By Terje Mathiassen
Booklet by means of TERJE MATHIASSEN
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Very hot’’ is descriptive: it measures a degree and intends to be objective, and can be contrasted with comparative (X is hot but Y is hotter). ‘‘Nicely hot’’ does not allow such a contrast (*X garam-garam hai par Y zyada garam(-garam) hai) because is does not measure the degree. It is not descriptive and that is the reason why it sounds somewhat like a subjective appreciation. ). Quality is emphasized, but rather for its adequateness to the customer’s expectations than for its objective degree.
VahaˆN akele baiThe-baiThe uˆb gayaˆ here alone sat-sat bore went ‘he got fed up of sitting here (inactive)’ d. rote-rote uskıˆ aˆNkheN suˆjh gaıˆN crying-crying his eyes swell went ‘his eyes got swollen by (repeatedly, thoroughly) crying’ If the main verb represents avoidance (« be-saved/escape », « remain, stay ») and the participle action or event, reduplication means that the accumulation of occurrences does not reach the normally expected result, hence the lacunar value in (8): (8) a. vah girte-girte bac gaya 3s falling-falling escape went ‘he almost fell (failed to fall)’ b.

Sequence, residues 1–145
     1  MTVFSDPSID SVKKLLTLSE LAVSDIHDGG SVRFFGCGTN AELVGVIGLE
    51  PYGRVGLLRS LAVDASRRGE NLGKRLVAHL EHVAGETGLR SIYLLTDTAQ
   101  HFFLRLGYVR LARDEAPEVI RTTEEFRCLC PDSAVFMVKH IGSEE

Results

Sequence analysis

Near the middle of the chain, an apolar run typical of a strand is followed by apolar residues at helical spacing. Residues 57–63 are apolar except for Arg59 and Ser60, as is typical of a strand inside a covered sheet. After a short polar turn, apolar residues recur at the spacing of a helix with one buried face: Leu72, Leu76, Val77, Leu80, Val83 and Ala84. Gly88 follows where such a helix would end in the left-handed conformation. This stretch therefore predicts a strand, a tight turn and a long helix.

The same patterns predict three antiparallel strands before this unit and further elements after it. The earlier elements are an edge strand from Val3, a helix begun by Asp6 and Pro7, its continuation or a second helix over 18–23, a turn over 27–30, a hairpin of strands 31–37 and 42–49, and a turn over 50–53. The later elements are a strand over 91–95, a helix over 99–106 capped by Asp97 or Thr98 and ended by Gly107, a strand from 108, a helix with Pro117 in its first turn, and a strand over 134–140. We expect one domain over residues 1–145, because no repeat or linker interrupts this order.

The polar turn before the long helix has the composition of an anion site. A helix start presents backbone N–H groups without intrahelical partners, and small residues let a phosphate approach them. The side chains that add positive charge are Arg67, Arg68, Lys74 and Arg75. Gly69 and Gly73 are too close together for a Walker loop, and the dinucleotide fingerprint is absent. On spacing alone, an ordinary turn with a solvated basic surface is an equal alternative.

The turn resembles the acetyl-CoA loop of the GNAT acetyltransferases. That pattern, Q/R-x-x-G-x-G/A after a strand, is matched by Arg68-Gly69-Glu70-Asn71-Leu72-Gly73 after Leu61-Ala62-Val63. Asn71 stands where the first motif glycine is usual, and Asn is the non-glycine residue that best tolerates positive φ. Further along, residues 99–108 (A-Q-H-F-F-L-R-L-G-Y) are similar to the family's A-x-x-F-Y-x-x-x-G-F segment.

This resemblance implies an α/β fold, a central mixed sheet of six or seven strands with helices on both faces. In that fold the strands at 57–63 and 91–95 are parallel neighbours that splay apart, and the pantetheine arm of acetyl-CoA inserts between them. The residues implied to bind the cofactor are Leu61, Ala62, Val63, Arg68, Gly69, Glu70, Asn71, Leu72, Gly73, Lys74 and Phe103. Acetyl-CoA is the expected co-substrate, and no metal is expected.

She does not ironize either on the general designation of the learned Brahmins by the word ‘‘pandit’’, or on its adequateness as an appellative for other people – she keeps calling the old Master ‘‘pandit’’. But she refuses, in agreement with the young master himself, to use a term he does not like, inadequate for this only reason. Moreover, by doing so, she opposes her husband, a servant but a traditionalist too. The echo construction makes fun of the husband’s concept of appellatives. The conﬂict between the two interpretations, that of B (S1) the husband, and that of A (So) the wife, is about the interpretation of both speech-act participants regarding the validity of the designation ‘‘pandit’’ for the young master: you think it is a good one, I think it is absurd.
A Short Grammar of Lithuanian by Terje Mathiassen